Age and media representation

Representation matters. Seeing other people on screens, hearing their stories, buying products from commercials, and watching shows that resemble a piece of you can, in turn, shape your identity and worldview. Representation, especially in the media, can reduce stereotypes of underrepresented groups, creating the opportunity for validation and support of these populations on a societal and personal level. The Arab Film and Media Institute defines media representation as, “how media, such as television, films and books, portray certain types of people or communities.”

Older adults are one of these misrepresented or underrepresented groups in media, as are racial, ethnic, and LGBTQ+ communities, who often struggle to find positive representation in all forms of media. When it comes to older adults, for instance, a 2019 AARP study sampled more than 1,000 online images from different brands, leaders, new sites, and social media accounts that all had over 1 million followers. Only 15% of these photos included adults over 50, despite older adults making up 46% of the U.S. adult population.

In another study, media and communication scholars analyzed 112 episodes of popular American primetime TV shows from 2004-2018. Out of the 2,003 characters identified, 6.6% were aged 65 and older. Older adult characters with ethnicities other than white are virtually invisible in primetime programming. Being aware of the media’s tendency to create stereotypical stories, characters, and tropes that misrepresent certain identities can help us be more aware and critical media users.


In 1986, psychology researchers Schmidt and Boland examined the stereotypes that younger adults tend to associate with older adults. The negative stereotypes included the despondent (sad and lonely), the mildly impaired, the vulnerable, the severely impaired (senile and incompetent), the shrew/curmudgeon (complaining and ill-tempered), the recluse (timid and naïve), the nosy neighbor, and the bag lady.

Positive stereotypes were the golden ager (adventurous, healthy, and active), the perfect grandparent (family-oriented, kind, and loving) and the John Wayne conservative (patriotic, nostalgic, and religious). In more recent years, positive stereotypes of older adults have become more prevalent with the . But even positive stereotypes can be harmful if an older adult doesn’t view themselves as that “perfect grandparent,” thus creating a need for various positive frames in media.

Psychological effects

With so few older adult stories in the media, it creates a lack of exposure to what being older can look like. Contact theory posits that simply increasing the presence of a group in media, such as older adults, can help improve that group’s attitude in real life, because media representation does influence the ways in which consumers conceptualize aging.

If age stereotypes are continued in the stories we see, research has shown that societal and individual views on aging will be affected, which can impact how adults actually age through a concept known as self-perceptions of aging. SPAs describe whether an individual has a more upbeat, can-do attitude about age-related changes (thus, a positive SPA) or whether they take a more negative, stereotypical view on aging. It turns out, the mind – and the images we see of ourselves on screen – are very powerful in swaying aging trajectories. The television and film industry often fail to highlight the voices of real older adults in the world. Luckily, today there is social media for that.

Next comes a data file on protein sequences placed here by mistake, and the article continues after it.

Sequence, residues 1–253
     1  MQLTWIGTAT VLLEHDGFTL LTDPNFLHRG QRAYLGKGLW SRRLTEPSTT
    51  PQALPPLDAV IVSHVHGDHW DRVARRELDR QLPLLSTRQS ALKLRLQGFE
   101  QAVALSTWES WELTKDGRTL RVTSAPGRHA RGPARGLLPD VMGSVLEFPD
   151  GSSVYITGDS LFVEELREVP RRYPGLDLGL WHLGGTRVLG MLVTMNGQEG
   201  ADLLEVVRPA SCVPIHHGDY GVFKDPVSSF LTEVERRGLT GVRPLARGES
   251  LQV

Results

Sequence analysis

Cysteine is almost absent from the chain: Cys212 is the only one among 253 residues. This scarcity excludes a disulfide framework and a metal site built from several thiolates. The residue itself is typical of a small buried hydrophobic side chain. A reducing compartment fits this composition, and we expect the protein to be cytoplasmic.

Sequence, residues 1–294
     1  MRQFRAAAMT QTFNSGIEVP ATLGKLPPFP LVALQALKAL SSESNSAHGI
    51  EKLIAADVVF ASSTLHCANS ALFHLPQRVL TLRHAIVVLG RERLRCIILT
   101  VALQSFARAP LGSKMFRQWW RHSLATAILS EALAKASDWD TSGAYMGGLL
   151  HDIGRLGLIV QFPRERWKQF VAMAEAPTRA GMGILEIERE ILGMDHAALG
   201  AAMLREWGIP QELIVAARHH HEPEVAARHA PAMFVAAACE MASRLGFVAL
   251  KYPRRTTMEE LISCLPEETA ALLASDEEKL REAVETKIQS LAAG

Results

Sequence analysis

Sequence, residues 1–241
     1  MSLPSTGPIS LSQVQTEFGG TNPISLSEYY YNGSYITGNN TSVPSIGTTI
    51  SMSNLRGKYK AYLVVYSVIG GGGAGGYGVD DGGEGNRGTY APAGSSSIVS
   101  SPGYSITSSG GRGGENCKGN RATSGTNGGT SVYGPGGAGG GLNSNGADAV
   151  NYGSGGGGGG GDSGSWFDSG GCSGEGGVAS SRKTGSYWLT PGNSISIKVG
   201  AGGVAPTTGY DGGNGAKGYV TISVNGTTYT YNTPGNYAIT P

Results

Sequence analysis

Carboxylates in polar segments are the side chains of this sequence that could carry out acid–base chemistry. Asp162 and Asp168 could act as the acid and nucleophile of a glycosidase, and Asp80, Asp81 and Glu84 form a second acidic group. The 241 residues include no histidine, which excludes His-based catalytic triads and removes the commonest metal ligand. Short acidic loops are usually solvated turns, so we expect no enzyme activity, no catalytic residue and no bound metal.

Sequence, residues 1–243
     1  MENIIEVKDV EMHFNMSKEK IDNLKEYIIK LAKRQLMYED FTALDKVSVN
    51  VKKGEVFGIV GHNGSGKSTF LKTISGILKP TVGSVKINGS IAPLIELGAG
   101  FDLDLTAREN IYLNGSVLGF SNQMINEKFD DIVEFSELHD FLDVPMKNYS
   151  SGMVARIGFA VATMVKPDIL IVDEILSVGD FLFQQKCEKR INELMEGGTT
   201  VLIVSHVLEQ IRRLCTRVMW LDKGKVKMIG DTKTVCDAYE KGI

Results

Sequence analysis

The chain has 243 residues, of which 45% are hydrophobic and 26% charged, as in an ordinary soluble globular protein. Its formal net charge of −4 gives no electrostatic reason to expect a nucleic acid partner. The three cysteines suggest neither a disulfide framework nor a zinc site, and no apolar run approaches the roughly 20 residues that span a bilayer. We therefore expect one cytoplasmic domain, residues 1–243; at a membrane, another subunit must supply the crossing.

New media, shifting representation

With the rise of social media platforms, the average older adult now has the chance to become an influencer. YouTube, TikTok, Twitter, and other social media platforms can give rise to underrepresented voices by putting content creation in the hands of the user.

For example, The Old Gays have 7.7 million followers on TikTok and produce content similar to any other channel. The influencers do not focus on the fact that they are old in the content that they make, other than in their username.

Another influencer is Grandma Lilian Droniak, who has been on the internet for over 10 years. Droniak’s grandson, Kevin, started Lilian’s fame by making YouTube videos with her, which gained attention quickly. Moving from YouTube to TikTok, Droniak recently went viral for a video announcing the rules for her funeral. She asserts that she is open and willing to talk about death on her platform. At 92 years old, she recognizes that death happens to everyone and laughing about it helps to take some of the fear away.

Social media allows for older adults to voice their own experiences and ideas on social media without outside influence of big companies’ agendas. Seeking out influencers and other forms of media that promote the real voice of older adults can aid us in becoming more accepting of our own aging.


Underrepresented groups have been fighting for their voices to be heard in the media for years. Actors, producers, and viewers of different racial, ethnic, and age groups alike have waited a long time for shows like Queer Eye, Black-Ish, the One Day at a Time remake, and Kim’s Convenience that give a voice to those previously invisible in media. With streaming services and social media platforms allowing content creators to take more creative control, different stories will continue to emerge. It is important to be aware of stereotypes and misrepresentation in media portrayals so we do not internalize unrealistic views about ourselves and our society.

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Grace Weintrob is a senior majoring in Communication Studies with a minor in Stage, Sports, and Film Production at CSU. She is currently working as the digital media intern for the Columbine Health Systems Center for Healthy Aging.